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His professional life. — Elected to the state senate. — Opposed to Clinton.--Elected to the U. S. senate. York. There he became acquainted with many of the leading politicians of the day, among whom was Aaron Burr, then vice-president of the United States.

In November, 1803, Mr. Van Buren was admitted to practice in the supreme court of the United States, and in his native town he formed a law-partnership with his half-brother Mr. Van Alen. In 1806, he married Miss Hannah Hoes, who was distantly related to him. She died in 1818, leaving him four sons. Mr. Van Buren has never married again. In 1808, he was appointed surrogate of Columbia county, and from that time until 1815 he had a lucrative practice, and gained almost the apex of renown in his profession. In 1815, he was appointed attorney-general of the state, and he continued the practice of law until 1828, when he was elected governor of the state of New York.

Mr. Van Buren's political career has been a brilliant one. tered the field as early as 1804, when Aaron Burr and Morgan Lewis were the opposing democratic candidates for governor of the state. He supported Mr. Lewis. In 1807, he warmly supported Daniel D. Tompkins for the same office; and during the entire administration of Mr. Jefferson it received his support. He was opposed to the rechartering of the United States bank in 1811, and he warmly defended the course of the vice-president (George Clinton), who gave his casting vote against the measure.

In 1812 (then thirty years of age), he was elected to the state senate. Although favorable to all the strong measures (even to the declaration of war) adopted against Great Britain in 1812-'13, yet he gave his vote in the senate to De Witt Clinton for president of the United States.*

In 1816, he was appointed a regent of the university, and was also re-elected to the senate for four years, where he warmly advocated the Erie-canal project. He became personally and politically opposed to Mr. Clinton; and when, in 1818, that gentleman was elected governor, Mr. Van Buren opposed his administration, and was one of the leaders of that portion of the democratic party an alleged association of which at the seat of government was known by the name of the “ Albany Regency.” Mr. Clinton's friends having a majority in the “Council of Appointment,” Mr. Van Buren was removed from the office of attorneygeneral. It was afterward tendered to him, but he declined it.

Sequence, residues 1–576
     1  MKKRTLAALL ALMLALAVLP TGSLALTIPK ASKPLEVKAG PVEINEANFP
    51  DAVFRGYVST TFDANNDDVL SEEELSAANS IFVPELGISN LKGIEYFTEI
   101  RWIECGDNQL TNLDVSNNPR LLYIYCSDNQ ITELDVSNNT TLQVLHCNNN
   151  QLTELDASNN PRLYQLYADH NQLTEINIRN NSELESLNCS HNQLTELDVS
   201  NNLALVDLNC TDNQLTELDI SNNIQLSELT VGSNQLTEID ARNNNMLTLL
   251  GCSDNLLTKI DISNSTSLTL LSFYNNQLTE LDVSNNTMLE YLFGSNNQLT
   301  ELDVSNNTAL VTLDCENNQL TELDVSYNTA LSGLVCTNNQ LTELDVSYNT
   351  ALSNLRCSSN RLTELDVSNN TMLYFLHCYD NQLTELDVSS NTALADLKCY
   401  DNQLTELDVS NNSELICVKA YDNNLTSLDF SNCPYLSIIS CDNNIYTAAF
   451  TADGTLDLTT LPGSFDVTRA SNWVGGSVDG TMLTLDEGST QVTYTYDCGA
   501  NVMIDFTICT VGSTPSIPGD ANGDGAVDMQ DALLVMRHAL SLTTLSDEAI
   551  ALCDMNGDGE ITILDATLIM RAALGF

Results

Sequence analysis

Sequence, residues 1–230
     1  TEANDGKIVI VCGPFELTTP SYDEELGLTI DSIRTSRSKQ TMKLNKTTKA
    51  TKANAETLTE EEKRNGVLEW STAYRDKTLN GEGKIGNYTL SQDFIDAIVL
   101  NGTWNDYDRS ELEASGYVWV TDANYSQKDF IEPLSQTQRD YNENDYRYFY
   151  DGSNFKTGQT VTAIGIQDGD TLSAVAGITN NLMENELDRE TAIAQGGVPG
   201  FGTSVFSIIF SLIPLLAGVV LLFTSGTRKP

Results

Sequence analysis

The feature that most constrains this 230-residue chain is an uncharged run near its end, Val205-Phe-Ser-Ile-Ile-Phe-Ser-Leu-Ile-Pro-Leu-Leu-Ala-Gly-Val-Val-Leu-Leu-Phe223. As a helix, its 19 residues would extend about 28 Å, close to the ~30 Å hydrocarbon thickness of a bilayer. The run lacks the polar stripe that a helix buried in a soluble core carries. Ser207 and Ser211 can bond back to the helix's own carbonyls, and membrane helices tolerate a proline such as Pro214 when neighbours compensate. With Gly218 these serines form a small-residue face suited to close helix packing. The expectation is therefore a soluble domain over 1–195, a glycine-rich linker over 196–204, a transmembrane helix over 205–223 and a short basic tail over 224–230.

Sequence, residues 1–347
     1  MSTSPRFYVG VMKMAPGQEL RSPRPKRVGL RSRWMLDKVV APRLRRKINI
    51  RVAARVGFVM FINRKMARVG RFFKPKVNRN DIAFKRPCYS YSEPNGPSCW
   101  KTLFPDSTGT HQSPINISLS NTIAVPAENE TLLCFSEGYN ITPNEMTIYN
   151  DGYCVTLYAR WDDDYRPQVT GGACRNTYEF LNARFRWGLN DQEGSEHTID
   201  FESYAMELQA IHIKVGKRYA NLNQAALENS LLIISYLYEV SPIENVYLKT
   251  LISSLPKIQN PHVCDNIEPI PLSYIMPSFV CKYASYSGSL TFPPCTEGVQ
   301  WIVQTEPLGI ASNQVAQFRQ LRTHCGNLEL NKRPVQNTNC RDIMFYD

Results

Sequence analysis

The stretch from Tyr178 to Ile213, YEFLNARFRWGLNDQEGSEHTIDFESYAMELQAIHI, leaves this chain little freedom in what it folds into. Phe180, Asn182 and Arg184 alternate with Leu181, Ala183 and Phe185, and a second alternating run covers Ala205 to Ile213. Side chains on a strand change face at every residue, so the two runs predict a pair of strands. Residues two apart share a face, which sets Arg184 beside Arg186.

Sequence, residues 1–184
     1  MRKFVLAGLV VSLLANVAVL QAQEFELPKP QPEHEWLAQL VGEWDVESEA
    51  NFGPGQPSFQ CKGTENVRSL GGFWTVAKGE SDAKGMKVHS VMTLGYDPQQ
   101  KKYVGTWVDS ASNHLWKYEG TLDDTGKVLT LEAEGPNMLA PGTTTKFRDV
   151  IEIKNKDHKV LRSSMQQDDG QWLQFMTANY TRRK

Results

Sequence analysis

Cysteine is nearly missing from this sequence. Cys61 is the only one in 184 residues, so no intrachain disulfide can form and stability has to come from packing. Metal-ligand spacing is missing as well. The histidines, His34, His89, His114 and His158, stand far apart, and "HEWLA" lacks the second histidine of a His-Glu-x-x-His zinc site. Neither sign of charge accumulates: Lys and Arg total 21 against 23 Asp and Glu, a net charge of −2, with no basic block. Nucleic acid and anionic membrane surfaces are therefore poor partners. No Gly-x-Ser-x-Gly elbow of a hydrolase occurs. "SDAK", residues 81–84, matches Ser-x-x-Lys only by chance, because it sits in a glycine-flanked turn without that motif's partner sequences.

In 1821, Mr. Van Buren was elected to the senate of the United States. He was also an active and leading member of the convention that met that year to revise the constitution of the state of New York. Appointed secretary of state. — Appointed minister to England. -Elected president of the United States. In 1827, he was re-elected to the United States senate for six years. In 1828, he was elected governor of his state. In a brief message in January, 1829, he proposed the celebrated “safety-fund” system for banking institutions. In 1829, General Jackson appointed him secretary of state, and he resigned the office of governor. In 1831, on the dissolution of Jackson's cabinet, Mr. Van Buren was appointed minister to Great Britain. The appointment was not confirmed by the senate, and he was recalled. His friends looked upon this as political persecution, and he was nominated for and elected vice-president of the United States in 1832. In 1836, he was elected president, and Colonel Richard M. Johnson was elected vice-president. Mr. Van Buren was inaugurated on the 4th of March, 1837. Like General Jackson, he selected his cabinet from among his political friends.*

* Mr. Clinton was nominated by that portion of the democratic party in New York who were opposed to the war. He was also very popular with the people at large ; and, in sup. porting him, Mr. Van Buren believed he was acting in accordance with the wishes of a ma. jority of his own party.

In consequence of the expansion of the paper currency by the almost limitless discounts of the newly-created banks, mad speculations at home and excessive importations from abroad were fostered, which finally reached a crisis, and in 1837 a revulsion took place, and a commercial panic spread over the whole country, producing wide-spread distress. The banks suspended specie payments (sanctioned in New York by a legislative act), and so deranged became the currency and the whole machinery of trade, that in September, 1837, the president convened an extraordinary Congress,t in compliance with the prayer of petitions from all parts of the Union. In his message, the president proposed what his opponents termed the “sub-treasury scheme.” This measure was opposed, not only by his political enemies, but by his democratic friends who were concerned in banks,& and it was at that time very unpopular. The subject of the sub-treasury was postponed. An act was passed authorizing the issue of ten millions of dollars in treasury-notes ; also an appropriation of $1,600,000 for the Florida or Seminole war.